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Thefollowing is a collection of quotes related to the issue of shadism and racialidentity of mixed race black people:“Lightor dark complexion, its one place we all from.”“JohnButler’s assimilated black displayed a confident demeanor as he attempted topass himself off as a white man. The owner claimed that this fair-skinned slavewould present himself as free. Describing his runaway as a ‘yellowish’ mulatto,the owner also noted that the fugitive would try ‘passing as a white man.’Thomas Ledwith claimed that his slave Ned or Edward Dixon, a ‘bright quadroon,’would attempt to ‘pass for a white man’ because of his straight hair.”-LarryEugene Rivers discussing how slaves would try to pass for white to obtain theirfreedom“‘Causeif your ‘plexion high, high, high If your complexion low, low And if your ‘plexion in between, you're anAfrican”“NegroAmerica is set up the same as white America. The lighter skinned a negro, themore significant a role he can play. (It has always been the one who lookedwhite who made it in negro America. This was the man with the position, theinfluence, this was the man who usually got the white man's best job.) Inbetween light negro America and Black negro America (in terms of color), thereis a special category of people, who are assigned the name of red niggers.These are the people who are light enough to go into light negro America, butdo not have Caucasian characteristics. They don't have straight hair or whitefeatures. So they can go either way, depending on them. They can operate inBlack negro America or at the outer fringes of light negro America. Raceprejudice in America becomes color prejudice in negro America. That which iscultural prejudice by whites against Blacks becomes class prejudice in negroAmerica. To distinguish themselves, negroes assign class distinctions. Here wefind the instituting and substituting of parallel values. Negroes assume thatwhat is good for white America is good for negro America.”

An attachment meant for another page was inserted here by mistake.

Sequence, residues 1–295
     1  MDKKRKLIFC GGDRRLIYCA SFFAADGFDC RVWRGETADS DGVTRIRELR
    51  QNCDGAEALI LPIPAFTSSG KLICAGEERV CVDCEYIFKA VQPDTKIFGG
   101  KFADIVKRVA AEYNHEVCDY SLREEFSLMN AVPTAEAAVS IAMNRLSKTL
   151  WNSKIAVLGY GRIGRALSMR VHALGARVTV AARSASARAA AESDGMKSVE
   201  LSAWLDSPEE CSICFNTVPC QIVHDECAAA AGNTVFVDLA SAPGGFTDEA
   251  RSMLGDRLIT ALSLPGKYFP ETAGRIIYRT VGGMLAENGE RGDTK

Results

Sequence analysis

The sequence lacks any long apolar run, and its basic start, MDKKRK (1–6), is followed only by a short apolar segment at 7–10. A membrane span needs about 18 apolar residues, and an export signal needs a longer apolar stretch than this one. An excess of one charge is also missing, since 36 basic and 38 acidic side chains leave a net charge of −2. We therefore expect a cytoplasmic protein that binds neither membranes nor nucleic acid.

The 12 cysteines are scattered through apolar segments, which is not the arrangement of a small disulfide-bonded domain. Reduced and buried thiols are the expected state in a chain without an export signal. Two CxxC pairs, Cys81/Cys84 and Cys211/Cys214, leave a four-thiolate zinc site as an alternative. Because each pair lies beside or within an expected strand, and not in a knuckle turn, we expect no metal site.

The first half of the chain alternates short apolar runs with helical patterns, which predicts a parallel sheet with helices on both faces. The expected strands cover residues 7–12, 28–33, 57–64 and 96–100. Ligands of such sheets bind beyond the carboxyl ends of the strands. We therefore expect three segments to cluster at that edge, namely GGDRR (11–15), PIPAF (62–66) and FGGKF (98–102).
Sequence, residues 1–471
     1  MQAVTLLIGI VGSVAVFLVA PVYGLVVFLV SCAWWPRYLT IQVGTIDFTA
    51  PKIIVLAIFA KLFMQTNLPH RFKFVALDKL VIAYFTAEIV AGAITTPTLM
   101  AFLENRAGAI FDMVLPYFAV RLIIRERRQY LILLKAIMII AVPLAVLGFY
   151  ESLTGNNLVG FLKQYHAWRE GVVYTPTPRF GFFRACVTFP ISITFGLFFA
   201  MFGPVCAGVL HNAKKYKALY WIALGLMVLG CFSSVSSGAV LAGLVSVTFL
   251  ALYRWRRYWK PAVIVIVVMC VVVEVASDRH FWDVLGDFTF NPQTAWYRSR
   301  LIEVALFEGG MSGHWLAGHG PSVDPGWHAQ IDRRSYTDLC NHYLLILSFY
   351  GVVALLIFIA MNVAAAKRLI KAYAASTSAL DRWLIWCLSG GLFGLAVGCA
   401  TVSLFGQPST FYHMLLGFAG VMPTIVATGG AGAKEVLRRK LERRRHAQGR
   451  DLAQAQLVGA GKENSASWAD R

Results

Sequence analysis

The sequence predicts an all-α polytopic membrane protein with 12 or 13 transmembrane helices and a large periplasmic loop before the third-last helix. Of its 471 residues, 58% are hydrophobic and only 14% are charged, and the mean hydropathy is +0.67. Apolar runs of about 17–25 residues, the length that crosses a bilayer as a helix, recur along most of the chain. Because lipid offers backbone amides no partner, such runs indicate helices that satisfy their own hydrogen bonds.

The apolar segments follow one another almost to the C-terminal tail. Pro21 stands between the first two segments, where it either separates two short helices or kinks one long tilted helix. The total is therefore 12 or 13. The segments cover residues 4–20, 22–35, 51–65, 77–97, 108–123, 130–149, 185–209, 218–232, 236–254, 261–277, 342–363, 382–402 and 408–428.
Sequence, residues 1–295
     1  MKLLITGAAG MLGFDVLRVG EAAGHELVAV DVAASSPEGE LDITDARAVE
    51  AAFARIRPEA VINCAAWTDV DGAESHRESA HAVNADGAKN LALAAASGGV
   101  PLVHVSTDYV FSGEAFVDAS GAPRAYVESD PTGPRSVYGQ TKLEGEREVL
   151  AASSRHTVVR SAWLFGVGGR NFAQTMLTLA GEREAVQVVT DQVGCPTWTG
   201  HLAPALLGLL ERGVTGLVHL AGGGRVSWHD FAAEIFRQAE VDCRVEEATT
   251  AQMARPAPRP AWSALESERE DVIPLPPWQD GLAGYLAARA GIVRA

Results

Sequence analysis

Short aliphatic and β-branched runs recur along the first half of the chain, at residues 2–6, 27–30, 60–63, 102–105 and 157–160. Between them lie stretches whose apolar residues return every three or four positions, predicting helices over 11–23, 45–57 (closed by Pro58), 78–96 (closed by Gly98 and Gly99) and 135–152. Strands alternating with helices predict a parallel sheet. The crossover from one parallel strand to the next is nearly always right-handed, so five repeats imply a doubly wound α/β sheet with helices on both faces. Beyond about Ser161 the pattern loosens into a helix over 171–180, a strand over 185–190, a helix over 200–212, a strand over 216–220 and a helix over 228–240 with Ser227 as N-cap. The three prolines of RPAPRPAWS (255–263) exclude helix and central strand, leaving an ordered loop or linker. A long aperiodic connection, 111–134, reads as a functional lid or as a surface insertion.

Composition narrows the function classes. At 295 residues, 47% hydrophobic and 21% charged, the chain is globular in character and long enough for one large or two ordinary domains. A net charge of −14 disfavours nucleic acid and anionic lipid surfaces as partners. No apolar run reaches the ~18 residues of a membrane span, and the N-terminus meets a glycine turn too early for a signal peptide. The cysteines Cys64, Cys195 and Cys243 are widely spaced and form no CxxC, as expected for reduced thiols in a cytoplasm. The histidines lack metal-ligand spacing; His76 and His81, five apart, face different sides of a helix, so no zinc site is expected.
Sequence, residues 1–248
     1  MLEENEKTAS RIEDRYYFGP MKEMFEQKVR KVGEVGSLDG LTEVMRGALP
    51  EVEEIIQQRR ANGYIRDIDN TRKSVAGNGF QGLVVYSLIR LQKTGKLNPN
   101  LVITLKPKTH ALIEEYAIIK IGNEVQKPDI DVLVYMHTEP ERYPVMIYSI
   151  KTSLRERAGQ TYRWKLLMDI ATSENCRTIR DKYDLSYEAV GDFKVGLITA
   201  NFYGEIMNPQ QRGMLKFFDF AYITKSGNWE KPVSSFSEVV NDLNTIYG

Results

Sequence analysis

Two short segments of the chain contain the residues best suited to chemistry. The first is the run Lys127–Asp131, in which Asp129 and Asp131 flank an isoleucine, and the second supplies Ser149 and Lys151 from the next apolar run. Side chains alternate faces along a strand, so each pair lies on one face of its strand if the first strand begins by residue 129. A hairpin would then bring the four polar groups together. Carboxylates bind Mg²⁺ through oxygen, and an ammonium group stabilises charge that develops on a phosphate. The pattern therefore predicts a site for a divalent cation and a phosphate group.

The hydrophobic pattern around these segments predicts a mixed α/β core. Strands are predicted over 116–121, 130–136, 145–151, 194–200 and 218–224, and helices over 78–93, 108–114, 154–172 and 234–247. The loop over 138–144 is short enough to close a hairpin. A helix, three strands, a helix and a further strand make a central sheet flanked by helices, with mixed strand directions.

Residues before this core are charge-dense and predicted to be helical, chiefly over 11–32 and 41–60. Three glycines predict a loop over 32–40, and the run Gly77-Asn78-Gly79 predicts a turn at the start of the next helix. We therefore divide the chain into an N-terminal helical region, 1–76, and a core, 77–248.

“Firstof all, I was never white. But you will say this to those that always prefer tosee in me only a thin nose, a white father, a parda (brown) mother and a verylight-skinned sister with straight hair. They spent my whole life trying toconvince me that my parda skin, of a light tone, would make me a menina branca(white girl), but I never accepted this.”